How to Convert a Platform Bed for a Box Spring

Remember when I showed you how I built a knock-off West Elm headboard? I promised that I'd show you how we got a new, classy bed frame fo' freezy but then I left you high and dry for 2 months! Alas, life imitates art. I finished building my headboard months before I actually got to enjoy it on the wall (leaning against the wall beside the bed doesn't count). I'd look at it sitting on the floor every morning and think, "Someday you'll get promoted, kid"... its fate was in limbo til I could find the right bed frame.

The frame needed to be modern, on legs, without a headboard or footboard, and it needed to accommodate a boxspring without making the bed 4 feet tall. In case you didn’t guess from the italic-bold-combo, that last one was the kicker. I quickly learned in my search that platform beds (so named because they provide a wooden platform for the mattress to lie on) are now officially “the rage.” Apparently that box-spring that cost me extra was now being deemed by the bed-sellers of the world as redundant. Ugh.  

I love my box spring. They've come a long way from the days of hard metal coils – it's far better at evenly supporting my mattress than any platform, and I sleep easier knowing I'm not invalidating a warranty on a pretty expensive mattress. This trend toward platform beds is problematic for box-spring devotees like myself because we’re forced to either throw out the ‘spring, stay married to the bed skirt, buy a new "low-profile" boxspring or sleep like “Princess & the Pea” 10 feet in the air (obviously hyperbole – my ceilings are only 8 ft). I give you Exhibit A, in which I try on a cheap metal platform bed for size:

Super tall bed when using platform, boxspring, and mattress

Bahaha. Nope. Not pictured is my ceiling fan hanging a mere 3 feet above the bed – I can see the headlines now: "Girl Wakes to Biggest Nightmare, Beheaded by Ceiling Fan." That meant this simple option I liked from West Elm was out of the question – 8" too tall and, even still, the $399 price tag was hard to swallow.

That is, until Eli sent me a Craigslist curb alert for this exact frame. YAHTZEE. That, my friends, is what we call freakish luck, but i-dont-hate-it. I wasn’t gonna spend $400 on a frame that didn’t fit my needs, but I'd happily take it for $Free.99 to try our hand at reconfiguring it. Worst case scenario, we'd totally ruin it and be back to where we started. I was fairly convinced that's exactly what would happen, and I didn't really want photographic evidence if it did, so I was a bad blogger and left the camera in its case. Tsk, tsk. You could say I was pleasantly surprised when it worked, and I'm kicking myself for not taking photos. We've been sleeping on it for 6 months now and are well-rested enough to tell the tale. I think there's a lesson here about doubt and faith and bootstraps – lemme know if you find it. 

All this is to say that I have illustrated the process like an Ikea manual so you too can make amends with your boxspring and stick it to the man. Platform beds be damned! (Unless that's what you want...nothing wrong with 'em if you don't want a box spring or don't mind a taller bed) I recommend trolling Craigslist for a wooden platform frame or start fresh with raw lumber – Ana White has some guides for building a bed from scratch.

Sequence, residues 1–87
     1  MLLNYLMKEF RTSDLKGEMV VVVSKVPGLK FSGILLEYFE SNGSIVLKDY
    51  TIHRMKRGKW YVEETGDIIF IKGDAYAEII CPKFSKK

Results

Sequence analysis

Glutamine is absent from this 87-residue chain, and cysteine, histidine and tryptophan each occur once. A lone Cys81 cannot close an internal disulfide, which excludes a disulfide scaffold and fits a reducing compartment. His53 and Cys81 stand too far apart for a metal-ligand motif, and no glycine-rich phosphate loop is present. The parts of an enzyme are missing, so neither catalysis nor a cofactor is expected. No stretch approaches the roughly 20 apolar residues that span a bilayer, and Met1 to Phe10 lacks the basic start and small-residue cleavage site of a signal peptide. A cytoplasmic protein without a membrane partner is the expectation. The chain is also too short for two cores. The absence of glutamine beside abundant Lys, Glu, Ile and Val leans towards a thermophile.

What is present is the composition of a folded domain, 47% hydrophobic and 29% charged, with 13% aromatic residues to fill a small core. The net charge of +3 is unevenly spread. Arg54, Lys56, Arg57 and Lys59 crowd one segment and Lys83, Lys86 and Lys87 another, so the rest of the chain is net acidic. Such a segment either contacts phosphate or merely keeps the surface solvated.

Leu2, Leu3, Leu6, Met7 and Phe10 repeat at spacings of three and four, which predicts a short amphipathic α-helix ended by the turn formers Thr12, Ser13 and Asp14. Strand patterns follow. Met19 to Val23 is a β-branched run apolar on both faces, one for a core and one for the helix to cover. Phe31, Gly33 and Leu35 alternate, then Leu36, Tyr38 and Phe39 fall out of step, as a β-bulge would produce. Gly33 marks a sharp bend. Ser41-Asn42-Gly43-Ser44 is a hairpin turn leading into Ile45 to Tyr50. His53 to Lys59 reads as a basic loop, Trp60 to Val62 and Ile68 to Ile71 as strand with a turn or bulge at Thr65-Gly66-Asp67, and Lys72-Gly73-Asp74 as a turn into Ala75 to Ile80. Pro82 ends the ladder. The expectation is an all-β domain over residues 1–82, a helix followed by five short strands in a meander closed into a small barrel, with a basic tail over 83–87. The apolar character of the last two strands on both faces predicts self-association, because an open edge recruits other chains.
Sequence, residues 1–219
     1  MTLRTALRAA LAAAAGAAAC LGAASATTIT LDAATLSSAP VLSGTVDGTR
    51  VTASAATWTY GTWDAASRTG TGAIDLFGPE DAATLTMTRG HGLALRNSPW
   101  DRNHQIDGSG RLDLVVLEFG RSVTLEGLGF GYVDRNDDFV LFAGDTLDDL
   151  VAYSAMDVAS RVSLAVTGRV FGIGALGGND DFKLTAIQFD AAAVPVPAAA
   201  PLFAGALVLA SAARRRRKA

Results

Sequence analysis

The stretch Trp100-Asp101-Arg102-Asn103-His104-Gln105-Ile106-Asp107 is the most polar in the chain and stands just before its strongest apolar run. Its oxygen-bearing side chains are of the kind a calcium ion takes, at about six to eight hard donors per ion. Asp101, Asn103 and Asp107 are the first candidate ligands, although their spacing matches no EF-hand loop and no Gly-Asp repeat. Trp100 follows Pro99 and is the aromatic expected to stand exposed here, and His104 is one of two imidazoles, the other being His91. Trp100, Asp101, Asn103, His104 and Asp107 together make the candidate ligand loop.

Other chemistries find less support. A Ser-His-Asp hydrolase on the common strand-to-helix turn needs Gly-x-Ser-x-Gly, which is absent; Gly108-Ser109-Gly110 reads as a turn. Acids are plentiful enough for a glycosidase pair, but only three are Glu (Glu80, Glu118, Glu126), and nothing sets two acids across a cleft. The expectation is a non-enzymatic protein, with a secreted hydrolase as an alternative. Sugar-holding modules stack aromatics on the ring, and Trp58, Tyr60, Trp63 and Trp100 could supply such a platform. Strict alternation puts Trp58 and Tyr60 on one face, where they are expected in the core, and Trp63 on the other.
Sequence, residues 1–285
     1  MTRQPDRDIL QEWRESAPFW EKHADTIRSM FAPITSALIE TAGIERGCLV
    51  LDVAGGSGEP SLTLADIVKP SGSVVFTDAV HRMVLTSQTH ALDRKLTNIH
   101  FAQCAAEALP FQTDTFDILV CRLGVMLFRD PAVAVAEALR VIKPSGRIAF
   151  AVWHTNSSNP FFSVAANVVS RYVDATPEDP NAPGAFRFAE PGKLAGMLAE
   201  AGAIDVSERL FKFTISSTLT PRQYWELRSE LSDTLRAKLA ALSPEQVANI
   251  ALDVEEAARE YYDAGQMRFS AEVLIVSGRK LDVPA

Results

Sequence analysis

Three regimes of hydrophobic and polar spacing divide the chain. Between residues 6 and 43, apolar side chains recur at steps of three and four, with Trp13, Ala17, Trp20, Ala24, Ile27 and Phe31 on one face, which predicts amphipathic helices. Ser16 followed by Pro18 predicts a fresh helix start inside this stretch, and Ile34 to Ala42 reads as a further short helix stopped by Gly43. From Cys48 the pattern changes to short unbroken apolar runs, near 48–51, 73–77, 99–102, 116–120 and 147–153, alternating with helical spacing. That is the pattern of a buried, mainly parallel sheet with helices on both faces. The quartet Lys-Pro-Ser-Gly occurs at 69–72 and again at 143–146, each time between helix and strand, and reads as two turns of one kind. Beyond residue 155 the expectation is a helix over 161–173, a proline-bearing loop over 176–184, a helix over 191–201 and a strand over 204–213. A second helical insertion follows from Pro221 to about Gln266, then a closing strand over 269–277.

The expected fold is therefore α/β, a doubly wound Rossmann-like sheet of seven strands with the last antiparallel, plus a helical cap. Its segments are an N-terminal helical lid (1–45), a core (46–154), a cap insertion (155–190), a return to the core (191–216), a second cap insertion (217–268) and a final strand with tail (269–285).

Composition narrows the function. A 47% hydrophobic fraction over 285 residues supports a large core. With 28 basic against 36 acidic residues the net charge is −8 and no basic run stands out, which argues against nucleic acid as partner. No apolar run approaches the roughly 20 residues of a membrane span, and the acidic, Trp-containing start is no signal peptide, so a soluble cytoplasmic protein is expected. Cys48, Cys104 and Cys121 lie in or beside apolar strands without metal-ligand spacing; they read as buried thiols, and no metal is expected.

What we used from the West Elm Modern frame for this DIY

Step 1: With the frame disassembled, carefully remove the wood strip (colored light gray here) from the inside of the main frame using a screwdriver and a crowbar. The goal is to preserve the wood strip (and the frame) so you can re-attach it lower down – that means don't Hulk out and break it to bits! This took some doing on Eli's part because the strip was secured using both screws & wood glue (yay – quality carpentry). Much of the veneer chipped off in the process, but we weren't too concerned since no one well ever see it (except I'm showing the whole world at the end of the shame). On a platform bed, this strip is usually an inch or two from the top of the frame and is used to hold the platform for a mattress. We'll be moving it as far down as we can to make room for a boxspring.

Move the supportive strip to be flush with the bottom edge of the frame

Step 2: Sand the chipped edge of the strip to smooth it out and then use wood glue and the screws you previously removed to re-attach it flush with the bottom edge of the frame. Lining it up with the bottom edge ensured the strip would be level and even on all sides when we reassembled the frame. Depending on the depth of your edges, you can potentially gain a lot of room for the boxspring this way. Our 'spring is 8.75" deep, the outer edge of our frame is 5" deep, and after relocating the strips we had 4 inches within the frame for the 'spring to sit in. That means 4.75" of the boxspring are still peeking out above the frame, but we take what we can get. If your edges are really shallow, these first three steps probably aren't worth the effort and you should skip to step 4.